In a way, stock and commodities markets are one massive search engine: Prospective buyers of a particular asset scour the marketplace for sellers willing to part with their goods for a given price. But the buyers and sellers don't just shake hands after negotiating a price; they conduct the business of transferring funds and certificates of ownership. These buyers and sellers could be digital, and most often are in contemporary exchanges.

The entire source for this example is listed below. In addition to the classes defined previously, I've included Document.java, which is used to define a data structure representing documents.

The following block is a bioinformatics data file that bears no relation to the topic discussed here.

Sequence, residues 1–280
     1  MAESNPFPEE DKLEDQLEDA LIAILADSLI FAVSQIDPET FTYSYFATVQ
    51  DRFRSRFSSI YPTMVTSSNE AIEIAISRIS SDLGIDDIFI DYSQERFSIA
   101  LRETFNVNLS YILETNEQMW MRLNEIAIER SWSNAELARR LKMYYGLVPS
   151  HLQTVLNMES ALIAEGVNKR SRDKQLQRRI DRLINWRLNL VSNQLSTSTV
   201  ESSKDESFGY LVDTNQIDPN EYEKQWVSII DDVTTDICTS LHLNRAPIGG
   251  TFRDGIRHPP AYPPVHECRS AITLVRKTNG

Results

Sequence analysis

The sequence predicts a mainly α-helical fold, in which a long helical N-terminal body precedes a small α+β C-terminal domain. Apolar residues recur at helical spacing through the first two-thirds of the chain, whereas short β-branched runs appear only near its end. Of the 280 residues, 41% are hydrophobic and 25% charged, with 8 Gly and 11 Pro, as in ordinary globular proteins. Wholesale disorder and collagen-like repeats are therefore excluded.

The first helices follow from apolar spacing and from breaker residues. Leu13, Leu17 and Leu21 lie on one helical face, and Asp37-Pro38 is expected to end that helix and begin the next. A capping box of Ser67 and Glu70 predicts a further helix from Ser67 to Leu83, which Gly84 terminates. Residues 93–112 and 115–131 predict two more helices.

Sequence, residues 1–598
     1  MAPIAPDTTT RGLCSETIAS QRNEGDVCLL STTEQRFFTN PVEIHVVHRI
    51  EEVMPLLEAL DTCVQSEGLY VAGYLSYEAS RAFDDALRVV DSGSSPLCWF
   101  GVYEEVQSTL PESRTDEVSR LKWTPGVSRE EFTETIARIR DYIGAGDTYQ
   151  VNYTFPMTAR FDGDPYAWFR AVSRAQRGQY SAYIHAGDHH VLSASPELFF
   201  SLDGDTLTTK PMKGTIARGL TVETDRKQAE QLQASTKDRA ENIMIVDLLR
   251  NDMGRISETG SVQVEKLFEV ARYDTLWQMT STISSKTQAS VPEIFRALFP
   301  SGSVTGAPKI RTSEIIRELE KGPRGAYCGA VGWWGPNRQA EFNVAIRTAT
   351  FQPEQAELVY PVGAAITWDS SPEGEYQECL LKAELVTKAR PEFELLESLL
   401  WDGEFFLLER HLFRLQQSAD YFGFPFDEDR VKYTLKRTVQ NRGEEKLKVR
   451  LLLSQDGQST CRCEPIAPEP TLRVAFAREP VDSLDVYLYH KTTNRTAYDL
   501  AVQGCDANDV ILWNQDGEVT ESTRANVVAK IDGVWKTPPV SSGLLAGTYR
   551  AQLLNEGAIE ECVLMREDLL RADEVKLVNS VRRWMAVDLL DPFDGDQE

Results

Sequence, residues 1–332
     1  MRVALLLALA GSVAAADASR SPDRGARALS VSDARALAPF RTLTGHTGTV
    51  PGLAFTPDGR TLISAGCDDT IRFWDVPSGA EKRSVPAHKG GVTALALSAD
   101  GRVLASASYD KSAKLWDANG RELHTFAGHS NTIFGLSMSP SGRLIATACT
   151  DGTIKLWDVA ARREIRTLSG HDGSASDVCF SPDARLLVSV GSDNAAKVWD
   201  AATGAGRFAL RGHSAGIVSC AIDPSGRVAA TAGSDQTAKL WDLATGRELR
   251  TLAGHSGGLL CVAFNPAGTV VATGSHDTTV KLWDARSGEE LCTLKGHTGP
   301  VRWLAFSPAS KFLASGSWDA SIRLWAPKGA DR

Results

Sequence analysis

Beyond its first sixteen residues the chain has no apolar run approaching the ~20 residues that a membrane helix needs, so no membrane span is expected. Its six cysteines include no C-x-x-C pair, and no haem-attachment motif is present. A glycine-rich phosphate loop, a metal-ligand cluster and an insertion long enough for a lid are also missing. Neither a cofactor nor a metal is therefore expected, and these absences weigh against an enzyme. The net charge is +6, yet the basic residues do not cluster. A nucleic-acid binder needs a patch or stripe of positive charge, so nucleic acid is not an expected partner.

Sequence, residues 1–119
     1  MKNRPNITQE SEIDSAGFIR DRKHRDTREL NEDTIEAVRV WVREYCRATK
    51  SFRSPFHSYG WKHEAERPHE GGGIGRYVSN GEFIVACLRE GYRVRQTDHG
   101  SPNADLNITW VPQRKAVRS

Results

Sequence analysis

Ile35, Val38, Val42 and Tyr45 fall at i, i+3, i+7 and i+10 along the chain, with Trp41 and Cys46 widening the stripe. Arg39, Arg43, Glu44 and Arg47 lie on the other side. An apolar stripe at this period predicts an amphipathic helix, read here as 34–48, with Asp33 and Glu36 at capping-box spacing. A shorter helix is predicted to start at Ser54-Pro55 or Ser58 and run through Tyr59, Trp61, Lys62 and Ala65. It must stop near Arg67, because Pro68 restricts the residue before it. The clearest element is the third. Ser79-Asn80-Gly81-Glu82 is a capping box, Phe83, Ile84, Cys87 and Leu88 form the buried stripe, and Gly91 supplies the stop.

A virtual supercomputer

In the January 1997 edition of JavaWorld, Laurence Vanhelsuwe explored the possibilities of using Java applets as a means of distributing computations across a pool of machines in his article "Create your own supercomputer with Java". By delegating discrete sub-tasks to a cluster of browsers, large computations can be partitioned, executed, and reassembled into the Answer, whatever that might be. Vanhelsuwe's DAMPP (distributed applet-based massively parallel processing) applets are in fact mobile agents of sorts. They have behaviors (defined by the methods of the applets), state (the piece of the Answer that they are working upon), and location (they can be thought of as migrating from a Web server to a Web browser). As Vanhelsuwe demonstrates, mobile agents provide a good foundation for implementing parallel processing systems.